A Sci-Fi Guide To Navigating The Universe
A fly-by snapshot of Pluto, the dwarf planet we’ve been singing songs about since grade school, literally shed light on a mysterious interstellar mass this week. At the height of New Horizon’s mission, gritty details of geographical features were captured up close.
And, as if that weren’t enough to make a sci-fi geek giddy, NASA opened a public vote for exactly how to name Pluto’s peaks and valleys. In keeping with the tiny planet’s namesake, potential references for its features are being culled from underworld mythology. Of those suggested so far, there’s Cthulhu, a character from H.P. Lovecraft, a blood-curdling octo-limbed dragon-person, and Balrog, that menacing dragon responsible for Gandalf’s near-demise in The Fellowship of the Ring. The themes for the names of features on Pluto’s many moons have mostly been decided, too — nocturnal gods for Nix, river gods for Styx, fictional dogs for Kerberos. NASA’s OurPluto.org has more details about the voting scheme and submitted suggestions, many of which center on fictional villains and mythological, Hades-like gods.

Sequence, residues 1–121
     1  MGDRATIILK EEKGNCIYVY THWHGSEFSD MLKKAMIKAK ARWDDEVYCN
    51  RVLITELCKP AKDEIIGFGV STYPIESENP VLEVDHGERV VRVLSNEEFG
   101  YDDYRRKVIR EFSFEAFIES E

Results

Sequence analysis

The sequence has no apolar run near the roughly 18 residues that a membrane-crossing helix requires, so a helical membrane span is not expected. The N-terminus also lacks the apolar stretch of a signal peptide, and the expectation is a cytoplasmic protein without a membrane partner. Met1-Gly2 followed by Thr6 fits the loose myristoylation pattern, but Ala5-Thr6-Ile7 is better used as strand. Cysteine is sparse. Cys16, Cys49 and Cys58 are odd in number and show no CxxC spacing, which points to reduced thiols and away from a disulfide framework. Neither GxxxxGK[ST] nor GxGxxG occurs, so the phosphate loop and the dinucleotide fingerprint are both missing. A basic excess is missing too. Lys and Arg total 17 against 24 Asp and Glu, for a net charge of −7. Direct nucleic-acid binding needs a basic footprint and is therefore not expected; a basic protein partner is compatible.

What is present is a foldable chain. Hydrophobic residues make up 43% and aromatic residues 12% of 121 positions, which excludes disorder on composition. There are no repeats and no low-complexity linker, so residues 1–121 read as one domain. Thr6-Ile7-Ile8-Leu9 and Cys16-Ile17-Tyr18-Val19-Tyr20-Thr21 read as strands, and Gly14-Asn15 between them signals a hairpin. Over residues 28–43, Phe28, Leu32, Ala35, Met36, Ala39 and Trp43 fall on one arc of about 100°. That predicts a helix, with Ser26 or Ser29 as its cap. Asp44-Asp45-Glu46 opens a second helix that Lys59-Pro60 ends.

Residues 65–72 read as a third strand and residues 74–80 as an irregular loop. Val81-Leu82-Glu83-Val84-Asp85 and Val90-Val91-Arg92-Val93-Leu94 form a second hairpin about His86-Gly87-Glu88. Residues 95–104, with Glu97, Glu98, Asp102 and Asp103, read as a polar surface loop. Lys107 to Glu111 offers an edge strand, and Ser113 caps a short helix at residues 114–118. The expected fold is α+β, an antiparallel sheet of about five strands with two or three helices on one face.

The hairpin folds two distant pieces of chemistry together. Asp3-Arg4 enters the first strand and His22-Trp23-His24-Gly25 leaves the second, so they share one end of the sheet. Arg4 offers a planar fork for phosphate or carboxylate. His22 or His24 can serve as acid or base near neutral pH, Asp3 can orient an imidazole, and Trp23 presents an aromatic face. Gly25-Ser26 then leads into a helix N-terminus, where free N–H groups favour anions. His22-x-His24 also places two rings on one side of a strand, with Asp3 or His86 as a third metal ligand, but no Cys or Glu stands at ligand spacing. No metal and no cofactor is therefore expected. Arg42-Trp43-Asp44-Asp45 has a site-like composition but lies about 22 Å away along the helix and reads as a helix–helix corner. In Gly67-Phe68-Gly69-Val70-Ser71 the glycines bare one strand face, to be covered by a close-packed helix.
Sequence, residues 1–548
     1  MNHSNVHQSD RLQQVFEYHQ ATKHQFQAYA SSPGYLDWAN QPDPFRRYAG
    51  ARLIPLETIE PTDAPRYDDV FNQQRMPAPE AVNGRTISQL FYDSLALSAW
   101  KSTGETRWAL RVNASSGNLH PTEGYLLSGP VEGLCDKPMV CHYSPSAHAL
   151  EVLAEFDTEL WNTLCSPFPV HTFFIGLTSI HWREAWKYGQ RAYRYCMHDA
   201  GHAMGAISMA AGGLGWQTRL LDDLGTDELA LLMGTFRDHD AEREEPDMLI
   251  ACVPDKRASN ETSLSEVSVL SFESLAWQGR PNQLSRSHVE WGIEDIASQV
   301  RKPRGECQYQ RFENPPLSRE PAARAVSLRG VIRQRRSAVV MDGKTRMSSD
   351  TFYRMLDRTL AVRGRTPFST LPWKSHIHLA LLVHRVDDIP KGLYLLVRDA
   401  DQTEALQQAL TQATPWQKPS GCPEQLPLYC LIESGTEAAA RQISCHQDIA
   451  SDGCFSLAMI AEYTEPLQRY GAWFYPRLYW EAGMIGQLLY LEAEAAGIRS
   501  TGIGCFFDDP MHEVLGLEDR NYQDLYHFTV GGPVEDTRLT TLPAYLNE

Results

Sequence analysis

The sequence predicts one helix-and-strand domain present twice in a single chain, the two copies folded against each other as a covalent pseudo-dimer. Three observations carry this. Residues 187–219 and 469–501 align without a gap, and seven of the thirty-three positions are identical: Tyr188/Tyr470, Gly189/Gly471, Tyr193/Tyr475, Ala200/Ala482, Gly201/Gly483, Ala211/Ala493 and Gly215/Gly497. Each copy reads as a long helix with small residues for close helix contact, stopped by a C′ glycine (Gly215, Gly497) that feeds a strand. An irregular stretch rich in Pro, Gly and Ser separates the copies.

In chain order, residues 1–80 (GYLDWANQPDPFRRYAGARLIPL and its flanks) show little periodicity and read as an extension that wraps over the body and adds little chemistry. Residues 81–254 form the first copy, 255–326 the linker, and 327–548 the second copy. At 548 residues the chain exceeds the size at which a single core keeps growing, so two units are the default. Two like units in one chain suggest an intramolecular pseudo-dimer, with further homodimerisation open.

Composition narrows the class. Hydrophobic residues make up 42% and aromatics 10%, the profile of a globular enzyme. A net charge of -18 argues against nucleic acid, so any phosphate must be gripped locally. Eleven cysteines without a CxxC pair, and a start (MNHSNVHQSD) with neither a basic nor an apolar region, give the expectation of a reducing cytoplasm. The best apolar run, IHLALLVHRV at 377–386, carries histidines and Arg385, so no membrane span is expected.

The names we’ve given to the ridges and black spots that make up the rest of the solar system come from other far-flung fictional worlds. NASA’s official page for sources of planetary names reveals Australian legends, Norse mythology, “The Odyssey,” Gulliver’s Travels, and many other classic tales as inspiration. Below, a brief guide to the galaxy’s literature-inspired features:
Mercury’s craters are many, so the category for its names is a broad one — authors, visual artists and musicians who’ve died more than 50 years ago, and who’ve made a major contribution to their field. This isn’t restricted to science-fiction writers. Charles Dickens, Anton Chekhov, Ruyard Kipling and William Butler Yeats all have craters to their names. The most notable science-fiction writer with a crater on Mercury named after him is Robert Louis —> Read More